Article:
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Should Englandís schools become 'engines of social mobility'?

Is social mobility the right issue for schools to focus on, or does it offer little more than escape route for the lucky few, leaving wider social inequality untouched?


On becoming Britain’s prime minister in 1868, despite his unlikely background, Benjamin Disraeli was warmly congratulated by his friends. ‘Yes,’ he is said to have declared proudly, ‘I have climbed to the top of the greasy pole.’ Deputy Prime Minister Nick Clegg recently admitted his ascent to power had been rather less of a struggle. At the launch of the government’s social mobility strategy Opening Doors, Breaking Barriers, he revealed that early in his career, family friend Lord Carrington had arranged for him to take up a position at the European Commission. ‘I’m not the slightest bit ashamed of saying that we all inhabited a system which was wrong,’ he said. Subsequently the coalition has divided over its plans for ‘fairer’ internships, but it remains united in the conviction that social mobility in the UK is unacceptably low, and that education is both a cause of and a solution to the problem. Education secretary Michael Gove chides those who see deprivation as destiny, and promises ‘urgent, focused, radical action’. Schools, he argues, should become ‘engines of social mobility’. The Opening Doors strategy suggests what happens to pupils in their school years will ‘to a great extent, determine their future life chances’. It concludes that social mobility could be improved by raising educational standards, providing extra funding for the disadvantaged, and ensuring better careers advice.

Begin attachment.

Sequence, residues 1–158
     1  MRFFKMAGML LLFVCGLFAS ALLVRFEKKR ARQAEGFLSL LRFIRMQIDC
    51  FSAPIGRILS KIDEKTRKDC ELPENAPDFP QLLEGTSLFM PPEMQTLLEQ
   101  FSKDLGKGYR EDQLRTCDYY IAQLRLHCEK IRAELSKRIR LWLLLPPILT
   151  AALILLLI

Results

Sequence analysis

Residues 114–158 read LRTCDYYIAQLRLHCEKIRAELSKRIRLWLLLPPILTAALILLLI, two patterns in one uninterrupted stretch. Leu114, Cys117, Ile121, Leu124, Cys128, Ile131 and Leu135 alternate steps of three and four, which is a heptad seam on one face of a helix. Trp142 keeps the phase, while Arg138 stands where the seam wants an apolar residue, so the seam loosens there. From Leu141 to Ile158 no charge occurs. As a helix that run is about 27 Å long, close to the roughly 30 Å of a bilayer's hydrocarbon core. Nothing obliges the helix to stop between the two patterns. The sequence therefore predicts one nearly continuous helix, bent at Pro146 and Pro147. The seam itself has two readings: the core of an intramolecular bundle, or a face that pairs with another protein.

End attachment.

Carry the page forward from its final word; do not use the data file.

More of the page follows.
Certainly, the OECD rates the UK very poorly for social mobility compared with other developed countries. But some argue social mobility is just one aspect of a broader problem of inequality or disadvantage, and that a narrow focus on individual opportunities is a distraction from bigger issues, such as the lack of good jobs and general economic dynamism. So should we be focusing on creating better opportunities for all rather than bickering over who gets the few cushy jobs? Or is it a matter of principle that every child should have an equal chance of advancing in any given career?

Initiatives such as the English Baccalaureate, which will encourage state schools to teach traditional high status subjects, are designed to level the playing field. But will positioning schools as ‘engines of social mobility’ just give them yet another set of distracting political objectives that they are ill-equipped to address? Is social mobility the right issue to focus on, or does it offer little more than escape route for the lucky few, leaving wider social inequality untouched?


Speaker(s):

Christine Blower | talks
Stephen Gorard | talks
SiŰn Humphreys | talks
Sally Millard | talks
David Skelton | talks
Toby Marshall | talks | www

 

Date and Time:

6 October 2011 at 7:00 pm

Duration:

1 hour 30 minutes

 

Venue:

Hamilton House
Mabledon Place
London
WC1H 9BD

http:// http://www.hamilton-house.org.uk/contacts.htm
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Organised by:

Institute of Ideas
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Tickets:

£7.50 (£5 concessions) per person

Available from:

Tickets are available from the Institute of Ideas website.
http://www.instituteofideas.com/tickets/battlesatellites2011.html

Additional Information:

visit www.battleofideas.org.uk

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